Performer: Philharmonia Orchestra, conducted by Herbert von Karajan.
    • EMI CMS5670612.
    • tr 17.
  • 00:58

    György Ligeti

    Musica Ricercata, IV. Tempo di valse (poco vivace - à l'orgue de Barbarie)

    Performer: Erika Haase, piano.
    • TACET TACET 129.
    • tr 12.
  • George Orwell

    from Down and Out in Paris and London, reader Nathaniel Parker

  • 00:59

    Dmitry Shostakovich

    The Gadfly suit from the film music, no.5; Barrel-organ waltz (Hurdy-gurdy waltz)

    Performer: Academy of St Martin in the Fields, conducted by Neville Marriner.
    • EMI Classics 689532.
    • tr 11.
  • 01:02

    Jay Gorney / EY Harburg

    Brother, Can You Spare a Dime?

    Performer: Nathan Gunn, piano Kevin Murphy.
    • EMI CDZ5731602.
    • tr 02.
  • Rainer Maria Rilke, translated by Michael Hofmann

    The Beggars, reader Nathaniel Parker

  • 01:06

    Wolfgang Amadeus Mozart

    Ave verum corpus motet for chorus and strings K618

    Performer: Academy of St Martin in the Fields, The Sixteen, Harry Christophers.
    • COR16057.
    • tr 01.
  • William Carlos Williams

    To a poor old woman

  • 01:09

    Charles Chaplin, Geoffrey Claremont Parsons, John Turner

    Smile

    Performer: Judy Garland.
    • Capitol C2 96600.
    • tr 20.

Producer's Note

Money and the lack of it is the subject of this programme. We begin with Handel’s anthem written as a fundraiser for the Foundling Hospital urging charity: Blessed Are They that Considereth the Poor.


Ideas about the romantic bohemian world and the value of life rather than things compete with the realities of a life lived without cash.  The debt ridden Carl Maria von Weber’s Clarinet Concerto No 1 accompanies Sara Teasdale’s assertions that life’s “loveliness” should be pursued at all costs; Arthur Ransome struggles with definitions of Bohemia in London whilst Puccini’s Colline sings a fond goodbye to the coat he’s about to pawn. Thomas Hardy’s portrait of genteel poverty contrasts with the wastrels of Dickens and Stravinsky: Harold Skimpole and Tom Rakewell both of whom refuse to knuckle down to the tedium of everyday work.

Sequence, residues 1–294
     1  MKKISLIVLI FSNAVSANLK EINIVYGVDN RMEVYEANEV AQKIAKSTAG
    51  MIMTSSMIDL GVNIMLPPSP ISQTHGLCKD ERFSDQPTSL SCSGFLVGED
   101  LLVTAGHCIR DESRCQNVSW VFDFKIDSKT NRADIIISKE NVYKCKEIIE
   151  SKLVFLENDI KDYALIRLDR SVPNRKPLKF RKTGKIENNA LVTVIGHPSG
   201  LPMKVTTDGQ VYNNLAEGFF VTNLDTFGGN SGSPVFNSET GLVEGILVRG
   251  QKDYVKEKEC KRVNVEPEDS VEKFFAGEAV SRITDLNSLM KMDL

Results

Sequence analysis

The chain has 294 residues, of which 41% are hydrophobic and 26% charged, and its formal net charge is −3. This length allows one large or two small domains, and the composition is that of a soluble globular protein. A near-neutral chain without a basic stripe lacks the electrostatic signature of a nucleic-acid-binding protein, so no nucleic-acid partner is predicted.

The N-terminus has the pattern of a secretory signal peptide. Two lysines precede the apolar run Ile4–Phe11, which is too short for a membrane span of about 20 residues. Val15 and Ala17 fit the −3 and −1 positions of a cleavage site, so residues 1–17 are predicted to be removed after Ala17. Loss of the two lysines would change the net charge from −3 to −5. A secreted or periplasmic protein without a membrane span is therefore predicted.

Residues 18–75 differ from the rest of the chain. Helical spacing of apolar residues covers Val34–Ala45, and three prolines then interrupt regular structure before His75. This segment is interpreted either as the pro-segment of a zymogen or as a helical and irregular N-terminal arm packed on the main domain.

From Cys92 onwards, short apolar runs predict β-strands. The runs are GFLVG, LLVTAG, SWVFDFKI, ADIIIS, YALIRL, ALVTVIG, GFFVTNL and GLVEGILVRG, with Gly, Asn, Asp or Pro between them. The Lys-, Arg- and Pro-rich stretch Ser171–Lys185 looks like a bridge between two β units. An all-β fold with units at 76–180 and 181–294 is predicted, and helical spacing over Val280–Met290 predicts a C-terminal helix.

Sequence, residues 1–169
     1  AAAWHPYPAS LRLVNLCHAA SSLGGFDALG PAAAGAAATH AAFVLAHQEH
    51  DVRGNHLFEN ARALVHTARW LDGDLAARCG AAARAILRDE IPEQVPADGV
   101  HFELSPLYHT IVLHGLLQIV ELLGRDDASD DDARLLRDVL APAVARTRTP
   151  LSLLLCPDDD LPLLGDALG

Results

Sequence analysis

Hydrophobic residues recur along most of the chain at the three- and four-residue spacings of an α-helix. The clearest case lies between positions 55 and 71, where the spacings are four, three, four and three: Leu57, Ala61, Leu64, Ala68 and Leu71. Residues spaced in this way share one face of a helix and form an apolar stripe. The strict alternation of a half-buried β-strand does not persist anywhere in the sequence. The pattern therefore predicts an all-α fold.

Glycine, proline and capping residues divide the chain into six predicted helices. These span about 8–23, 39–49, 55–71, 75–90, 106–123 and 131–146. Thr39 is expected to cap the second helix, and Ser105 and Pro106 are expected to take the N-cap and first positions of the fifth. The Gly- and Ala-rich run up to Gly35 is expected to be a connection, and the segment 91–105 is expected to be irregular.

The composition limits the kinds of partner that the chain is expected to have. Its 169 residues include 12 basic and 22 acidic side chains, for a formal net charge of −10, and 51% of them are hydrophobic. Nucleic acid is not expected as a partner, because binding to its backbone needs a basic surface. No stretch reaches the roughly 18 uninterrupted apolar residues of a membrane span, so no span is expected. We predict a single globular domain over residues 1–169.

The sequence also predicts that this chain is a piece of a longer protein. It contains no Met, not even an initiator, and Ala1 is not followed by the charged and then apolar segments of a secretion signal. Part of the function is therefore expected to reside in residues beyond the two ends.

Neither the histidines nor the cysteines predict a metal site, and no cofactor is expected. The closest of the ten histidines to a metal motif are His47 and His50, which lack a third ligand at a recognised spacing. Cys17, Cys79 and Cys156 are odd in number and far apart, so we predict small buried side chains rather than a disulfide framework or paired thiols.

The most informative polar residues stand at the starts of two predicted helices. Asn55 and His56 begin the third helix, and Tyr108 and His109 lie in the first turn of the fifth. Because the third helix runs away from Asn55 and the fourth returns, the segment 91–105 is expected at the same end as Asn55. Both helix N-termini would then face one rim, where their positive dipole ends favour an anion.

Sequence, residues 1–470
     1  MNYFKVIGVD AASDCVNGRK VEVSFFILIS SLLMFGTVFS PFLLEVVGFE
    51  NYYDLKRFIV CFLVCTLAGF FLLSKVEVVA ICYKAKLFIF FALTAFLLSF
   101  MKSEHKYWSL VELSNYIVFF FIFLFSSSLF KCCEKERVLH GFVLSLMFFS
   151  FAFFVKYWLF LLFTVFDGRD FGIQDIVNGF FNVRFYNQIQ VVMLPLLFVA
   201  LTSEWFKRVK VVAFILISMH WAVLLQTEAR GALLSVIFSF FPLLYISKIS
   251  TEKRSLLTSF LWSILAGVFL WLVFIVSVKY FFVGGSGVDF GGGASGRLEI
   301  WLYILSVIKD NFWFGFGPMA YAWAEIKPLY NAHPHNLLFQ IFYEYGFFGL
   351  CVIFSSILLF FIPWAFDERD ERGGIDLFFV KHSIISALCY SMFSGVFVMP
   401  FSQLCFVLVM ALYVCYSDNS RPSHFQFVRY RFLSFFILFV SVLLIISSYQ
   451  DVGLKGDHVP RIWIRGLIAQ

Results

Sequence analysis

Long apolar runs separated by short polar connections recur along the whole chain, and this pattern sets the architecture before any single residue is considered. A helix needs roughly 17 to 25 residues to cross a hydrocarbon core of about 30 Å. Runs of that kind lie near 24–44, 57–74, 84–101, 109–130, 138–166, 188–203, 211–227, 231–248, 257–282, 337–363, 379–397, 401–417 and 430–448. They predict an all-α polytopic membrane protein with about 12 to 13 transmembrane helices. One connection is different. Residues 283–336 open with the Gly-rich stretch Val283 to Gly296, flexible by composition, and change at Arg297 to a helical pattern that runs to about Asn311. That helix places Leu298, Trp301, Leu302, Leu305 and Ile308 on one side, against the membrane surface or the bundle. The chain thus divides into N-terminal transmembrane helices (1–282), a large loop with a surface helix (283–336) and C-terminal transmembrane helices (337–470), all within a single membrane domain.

Work, and getting it, is dealt with in the next section. The composer John Foulds was best known in his lifetime for the light music by which he made his living and was disheartened that his serious music was largely ignored. Simon Armitage’s slog at an unfeasible anthology is undertaken to satisfy the demands of his bank manager whilst Ruth Etting summons the relentless round of the Depression era taxi-dancer.


The fairy-tale poor, Cinderella and Hansel and Gretel, mingle now with the testimony of children employed in the Durham minefields in the mid-nineteenth century, George Orwell’s London beggars and the tramps and down and outs of T E Hulme, Rilke and William Carlos Williams whose “poor old woman” enjoys a moment’s ecstasy in the bite of a ripe plum.


Judy Garland sings us out, revelling in the pleasure of misery, with Charlie Chaplin’s sign off from his Great Depression era classic – Modern Times.


Producer: Natalie Steed

Broadcasts

The hidden history of plant-based diets

The hidden history of plant-based diets

Forget social media influencers - the meat-free movement started with the Victorians.

Books website

Books website

Get closer to books with in-depth articles, quizzes and our picks from radio & TV.

Gallery